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1 General Discussion on Sun Sep 04, 2011 12:44 am


Well, here's the first thread. From now on, place-holder threads will be created, and filled with relevant information as it becomes available.

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2 Re: General Discussion on Sun Sep 04, 2011 12:46 am

Hello. This is mostly a test if I got the permissions right.

I plan on making banners and customized icons later on; I'm also going to see about getting a new background image. The white is just killing me.

For those of you from Warping Empires, I was Solar Storm.

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3 Re: General Discussion on Sun Sep 04, 2011 12:57 am

Hi all... I was Keland on WE. For background can I sugest NOT black with whiteis text... it kills my eyes. XD

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4 Re: General Discussion on Sun Sep 04, 2011 1:16 am


Hi, it's Cody AKA Safavid from WE. I've been working on the trait system but I need help thinking up some and listing effects. Obviously, I'm going to need to fix some of the government trait effects to work with this one. Anyway, look tell me what you think.

Government Type:
Monarchy - Rule by a King, Queen, Prince, Emperor, or similarly titled individual. Monarchies are defined by their system of hereditary rulership and the cultural legitimacy that surrounds them. Unlike dictators, monarchs are part of their empire's culture, and hold power through legitimacy as well as strength of arms.
Cultural Legitimacy : Monarchies often engrain themselves in their society's culture. Kings may come and go, but the monarchy remains. Because of this, people tend to be loyal to the monarchy, even when the current ruler is less than perfect.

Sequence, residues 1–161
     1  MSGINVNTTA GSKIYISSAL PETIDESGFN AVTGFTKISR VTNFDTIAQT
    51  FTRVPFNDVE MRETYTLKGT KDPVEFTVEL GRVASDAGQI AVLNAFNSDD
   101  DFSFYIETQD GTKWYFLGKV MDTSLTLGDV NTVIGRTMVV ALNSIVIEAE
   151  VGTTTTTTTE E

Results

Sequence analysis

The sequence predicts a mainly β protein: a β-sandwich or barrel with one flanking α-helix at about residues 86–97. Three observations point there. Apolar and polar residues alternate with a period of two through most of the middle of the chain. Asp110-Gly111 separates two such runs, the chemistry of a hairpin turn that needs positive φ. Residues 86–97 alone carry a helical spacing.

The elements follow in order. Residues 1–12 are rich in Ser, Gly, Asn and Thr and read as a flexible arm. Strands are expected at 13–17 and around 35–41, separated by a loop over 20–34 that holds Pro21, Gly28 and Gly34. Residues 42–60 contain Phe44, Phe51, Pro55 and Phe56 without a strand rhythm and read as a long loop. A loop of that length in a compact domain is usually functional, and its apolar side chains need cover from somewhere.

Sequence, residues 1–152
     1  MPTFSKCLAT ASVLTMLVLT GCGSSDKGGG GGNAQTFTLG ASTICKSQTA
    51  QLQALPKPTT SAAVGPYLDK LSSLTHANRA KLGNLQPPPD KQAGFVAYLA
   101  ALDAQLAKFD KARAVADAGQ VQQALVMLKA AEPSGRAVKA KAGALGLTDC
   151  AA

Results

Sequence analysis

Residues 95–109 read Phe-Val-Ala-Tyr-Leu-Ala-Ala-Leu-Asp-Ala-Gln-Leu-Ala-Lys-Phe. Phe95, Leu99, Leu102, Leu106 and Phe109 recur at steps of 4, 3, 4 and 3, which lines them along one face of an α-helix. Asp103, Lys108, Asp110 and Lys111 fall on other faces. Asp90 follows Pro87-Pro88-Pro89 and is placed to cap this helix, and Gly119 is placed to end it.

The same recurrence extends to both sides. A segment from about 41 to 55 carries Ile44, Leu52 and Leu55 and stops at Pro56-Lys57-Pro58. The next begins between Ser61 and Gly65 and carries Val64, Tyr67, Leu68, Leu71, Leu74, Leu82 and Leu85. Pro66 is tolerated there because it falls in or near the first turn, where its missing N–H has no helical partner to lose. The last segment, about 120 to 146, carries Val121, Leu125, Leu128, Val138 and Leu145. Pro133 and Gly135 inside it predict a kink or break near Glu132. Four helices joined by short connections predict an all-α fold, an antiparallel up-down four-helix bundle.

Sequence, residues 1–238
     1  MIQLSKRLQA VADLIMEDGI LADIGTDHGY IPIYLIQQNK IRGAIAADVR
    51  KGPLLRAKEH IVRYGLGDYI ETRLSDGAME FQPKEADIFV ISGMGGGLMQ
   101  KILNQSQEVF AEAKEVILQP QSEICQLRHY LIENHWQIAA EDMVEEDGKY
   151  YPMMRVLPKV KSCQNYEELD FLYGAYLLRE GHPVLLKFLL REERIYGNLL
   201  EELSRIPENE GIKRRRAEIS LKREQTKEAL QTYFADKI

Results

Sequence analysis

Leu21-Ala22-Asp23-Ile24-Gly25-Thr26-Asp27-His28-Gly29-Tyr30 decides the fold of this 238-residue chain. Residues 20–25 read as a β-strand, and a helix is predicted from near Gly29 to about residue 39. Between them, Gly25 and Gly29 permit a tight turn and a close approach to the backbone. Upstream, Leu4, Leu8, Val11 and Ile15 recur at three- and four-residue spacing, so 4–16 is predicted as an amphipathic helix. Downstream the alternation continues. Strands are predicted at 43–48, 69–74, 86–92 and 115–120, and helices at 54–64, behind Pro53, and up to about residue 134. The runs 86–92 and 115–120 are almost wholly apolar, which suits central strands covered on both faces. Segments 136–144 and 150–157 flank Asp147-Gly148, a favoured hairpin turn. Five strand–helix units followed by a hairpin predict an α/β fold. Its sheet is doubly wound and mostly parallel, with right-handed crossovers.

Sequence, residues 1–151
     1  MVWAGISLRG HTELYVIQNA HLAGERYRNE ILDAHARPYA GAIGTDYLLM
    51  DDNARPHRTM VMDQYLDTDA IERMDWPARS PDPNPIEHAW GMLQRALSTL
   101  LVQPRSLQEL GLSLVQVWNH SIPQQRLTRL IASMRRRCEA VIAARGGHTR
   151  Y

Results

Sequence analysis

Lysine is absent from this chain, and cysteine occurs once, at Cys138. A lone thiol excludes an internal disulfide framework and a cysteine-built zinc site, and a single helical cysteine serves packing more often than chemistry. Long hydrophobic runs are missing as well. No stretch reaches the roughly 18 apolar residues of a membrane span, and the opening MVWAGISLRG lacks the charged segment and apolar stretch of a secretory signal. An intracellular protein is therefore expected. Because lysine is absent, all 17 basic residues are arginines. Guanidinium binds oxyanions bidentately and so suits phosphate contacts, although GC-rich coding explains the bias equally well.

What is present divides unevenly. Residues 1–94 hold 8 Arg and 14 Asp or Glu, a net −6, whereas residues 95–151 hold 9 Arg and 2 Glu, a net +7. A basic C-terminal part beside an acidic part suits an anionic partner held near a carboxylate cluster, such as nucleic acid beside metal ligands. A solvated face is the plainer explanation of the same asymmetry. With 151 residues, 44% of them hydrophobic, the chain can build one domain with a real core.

- Monarchies cannot fall to Despised Public Approval level
Royal Privilege : Monarchies are known to be excessive consumers. Some of this is necessary - they must keep up appearances to the masses after all - but often their huge estates and hobby projects are an unnecessary drain on the country's resources.
- Monarchies produce 10% fewer Industry Points

Theocracy - Theocracies stem from the idea that some deity or higher being is the true ruler of the empire. This deity's will may be interpreted and implemented by a gathering of high priests, or a single representative, but they always rule in its name. This deity's church may be the government itself, or may be attached to the wider government, as long as everyone knows who's truly in charge.
Religious Allegiance : Religion is one of the few forces capable of crossing an empire's boundaries and shifting the loyalty of its population. New believers inevitably bring about priests, who bring with them temples and churches. These new believers may be citizens of their own empire, but their piety compels them to support the government that represents their deity.
- Theocracies default to Applauded level Imperial Relations
Traditionalism: The religious members of a theocracy do not always have a welcoming relationship with science. Scientists like to ask questions, and sometimes those questions can be unhelpful to those who expound faith as the way of life. Thus, theocracies tend to lag behind in advancement.
- Theocracies must pay 20% more Industry Points than normal to research a technology

Dictatorship - Unlike monarchs, dictators don't have legitimacy to back them up; they have to fight tooth and nail to seize power and hold it. This gives them an iron grip on policy, and a uniquely grim worldview. Dictators can always say that they have earned their place in the world.
Martial Rule : Dictators rule by strength of arms. Because of this, they are always diligent about maintaining a large, strong army to fight for them, and are not afraid of using it.